Eight days ago, two of the best golfers of the 1928-founded Cebu Country Club—and, quite possibly, the entire Cebu—stood at the footsteps of Hole No.1, shook hands, plunged their tees on the grass, then swung.
Eric Deen, 43, loomed tall as a four-time champion. He’s the Dean of Golfers. From 1997 to 1999, then again in 2004, he hoisted the trophy above his shoulders. And, once again, he was on familiar ground: the finals of the 2007 Club Championship.
His opponent? Twenty four years his junior: Charles Hong. “Chuckie,” as he’s called by everyone, is only 19 years old yet, for three years straight, he’s been in the Class A finals. Two years ago, he beat fellow jun-golfer Jojo Tiongko in a thrilling 37th hole, sudden-death playoff to become one of the youngest-ever champions in Cebu Country Club history. He was 17. Last year, he entered the finals again—but lost to arguably the best player to ever set foot in the club, Montito Garcia.
So, last May 10, it was Eric vs. Chuckie.
During the lunch break and after 18 holes of the 36-hole match-play final, Chuckie was 2-up. When play resumed in the afternoon, he scored even better: by the 28th hole, he was 4-up. Then, Eric made his Tiger Woods-like charge, winning three of the next four holes. By this time, the dozens of members and guests who rode on golf carts and trailed the duo went abuzz. With four holes left, Chuckie was only one-up. This was to be a thrilling finale. But hole after hole after hole, Chuckie stood firm and tied all the way until the finish to win his second championship.
Chuckie (2nd from right) with Clifford Celdran (Cebu Country Club manager), Eric Deen and Ruben Almendras (Treasurer, CCC)
“I actually felt less pressure this year compared to two years ago,” Chuckie confided, when we spoke for 30 minutes yesterday. “Maybe because I’ve grown accustomed to these situations and more experience.”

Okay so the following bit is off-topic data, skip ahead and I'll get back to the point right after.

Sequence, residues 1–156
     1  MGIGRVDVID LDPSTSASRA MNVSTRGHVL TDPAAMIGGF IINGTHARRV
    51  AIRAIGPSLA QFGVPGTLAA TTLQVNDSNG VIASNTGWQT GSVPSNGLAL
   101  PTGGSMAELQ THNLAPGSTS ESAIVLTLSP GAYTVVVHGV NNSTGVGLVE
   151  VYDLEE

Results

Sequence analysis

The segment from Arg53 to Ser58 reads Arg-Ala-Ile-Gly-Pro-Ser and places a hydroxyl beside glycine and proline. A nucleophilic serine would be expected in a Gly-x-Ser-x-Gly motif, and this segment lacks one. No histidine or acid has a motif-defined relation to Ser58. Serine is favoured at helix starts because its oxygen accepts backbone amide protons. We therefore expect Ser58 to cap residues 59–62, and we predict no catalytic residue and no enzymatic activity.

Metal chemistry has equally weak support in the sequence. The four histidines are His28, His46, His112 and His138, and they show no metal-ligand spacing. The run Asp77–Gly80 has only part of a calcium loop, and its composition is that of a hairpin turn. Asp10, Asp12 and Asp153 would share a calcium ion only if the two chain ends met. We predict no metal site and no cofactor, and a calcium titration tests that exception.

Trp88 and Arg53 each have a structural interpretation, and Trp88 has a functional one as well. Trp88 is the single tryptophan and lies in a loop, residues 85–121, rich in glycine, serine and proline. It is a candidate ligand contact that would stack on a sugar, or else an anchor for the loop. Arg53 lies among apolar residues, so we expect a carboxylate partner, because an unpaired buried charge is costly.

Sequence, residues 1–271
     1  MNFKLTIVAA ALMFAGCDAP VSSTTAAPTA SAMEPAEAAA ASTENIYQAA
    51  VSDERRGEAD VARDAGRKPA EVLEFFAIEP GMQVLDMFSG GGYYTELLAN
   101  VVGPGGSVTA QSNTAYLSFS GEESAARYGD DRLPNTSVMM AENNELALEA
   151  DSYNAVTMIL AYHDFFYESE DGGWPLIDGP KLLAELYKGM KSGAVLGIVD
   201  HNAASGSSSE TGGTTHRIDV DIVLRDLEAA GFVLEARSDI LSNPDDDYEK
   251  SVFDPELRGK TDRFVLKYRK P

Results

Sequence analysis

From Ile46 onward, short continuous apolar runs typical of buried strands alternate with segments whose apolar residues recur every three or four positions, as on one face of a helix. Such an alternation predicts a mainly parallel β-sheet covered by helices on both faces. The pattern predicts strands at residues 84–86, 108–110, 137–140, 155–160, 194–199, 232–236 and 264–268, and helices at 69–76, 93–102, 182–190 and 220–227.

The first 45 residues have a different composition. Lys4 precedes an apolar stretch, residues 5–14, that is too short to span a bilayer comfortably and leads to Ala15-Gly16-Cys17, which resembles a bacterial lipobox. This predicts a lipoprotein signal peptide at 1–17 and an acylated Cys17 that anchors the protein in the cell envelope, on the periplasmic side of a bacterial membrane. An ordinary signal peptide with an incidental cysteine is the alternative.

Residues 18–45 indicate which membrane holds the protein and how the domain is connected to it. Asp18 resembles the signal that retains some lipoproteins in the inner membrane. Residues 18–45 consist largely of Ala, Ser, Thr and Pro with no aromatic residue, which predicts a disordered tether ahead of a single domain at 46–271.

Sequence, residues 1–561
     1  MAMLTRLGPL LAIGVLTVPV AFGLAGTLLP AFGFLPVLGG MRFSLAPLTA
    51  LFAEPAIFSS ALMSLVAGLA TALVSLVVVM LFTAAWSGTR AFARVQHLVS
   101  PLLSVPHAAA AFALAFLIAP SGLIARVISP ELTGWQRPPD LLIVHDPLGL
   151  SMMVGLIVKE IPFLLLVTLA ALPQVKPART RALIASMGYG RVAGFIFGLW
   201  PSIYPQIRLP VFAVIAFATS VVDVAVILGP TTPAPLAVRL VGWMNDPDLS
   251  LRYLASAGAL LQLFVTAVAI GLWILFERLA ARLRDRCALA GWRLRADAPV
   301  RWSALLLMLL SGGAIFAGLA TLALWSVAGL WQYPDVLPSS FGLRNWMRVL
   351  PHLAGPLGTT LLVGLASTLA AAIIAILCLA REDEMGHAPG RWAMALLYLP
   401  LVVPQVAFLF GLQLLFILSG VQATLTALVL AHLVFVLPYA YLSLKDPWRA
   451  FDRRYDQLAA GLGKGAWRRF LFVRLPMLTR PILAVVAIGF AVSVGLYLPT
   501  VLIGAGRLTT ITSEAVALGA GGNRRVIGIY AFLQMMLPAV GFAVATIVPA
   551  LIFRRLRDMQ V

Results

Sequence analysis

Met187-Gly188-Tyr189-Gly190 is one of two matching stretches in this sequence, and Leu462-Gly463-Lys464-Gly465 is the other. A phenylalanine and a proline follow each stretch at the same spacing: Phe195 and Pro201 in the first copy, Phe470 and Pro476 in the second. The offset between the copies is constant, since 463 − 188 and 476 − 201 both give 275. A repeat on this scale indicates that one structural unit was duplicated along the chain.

Hard to believe but Chuckie won’t be turning 20 until June 26. This means that, as a teenager, he’s already won twice. And his route to the title last week was the toughest: He beat Montito Garcia in the quarterfinals, Carl Almario in the semis, then Eric in the finals—those three are winners of over a dozen club championship trophies.
START. Charles Hong was born to play golf. His dad, George, after tennis, shifted to golf many years back and once sported a six-handicap. (Now, he’s a 10-handicapper.) Chuckie’s mom, Jojo, also plays. And, the youngest among three, Chuckie is surrounded by a sister and brother who are also winners: Kim, the eldest, was a former women’s club champion while older brother William was a junior golf champion.
“We spent many, many Sundays, the five of us, playing golf. We were one family enjoying each other’s company on the golf course,” said Chuckie.
Chuckie (2nd from left) with his mom, Jojo; dad, George; and sister, Kim
At six years old, when a 9-iron was barely his height, Chuckie started golf, joining the Jungolf program at the Cebu Country Club. Two years later, he was participating in tournaments. By the age of 12, “I was winning many of the events I joined.” Apart from being top-ranked in Cebu, Chuckie also joined junior events in Singapore and Japan, winning second place at the Philippine-Japan Friendship event when he was 15.
TODAY, Chuckie is a fourth year Civil Engineering student at the De La Salle University in Manila. Serious with his studies, he is also serious with his golf at the DLSU.
“I joined several of the La Salle versus Ateneo games and helped our school win. I am also a varsity player now,” he added.
Varsity player? That’s being too humble. How about being called the best collegiate player in Metro Manila—and possibly, the entire country.
For in a series of five inter-school tournaments last school year that ended in February, La Salle emerged champion against numerous schools. Guess who emerged as the MVP, the golfer they named the “Top Collegiate Player of the Year?”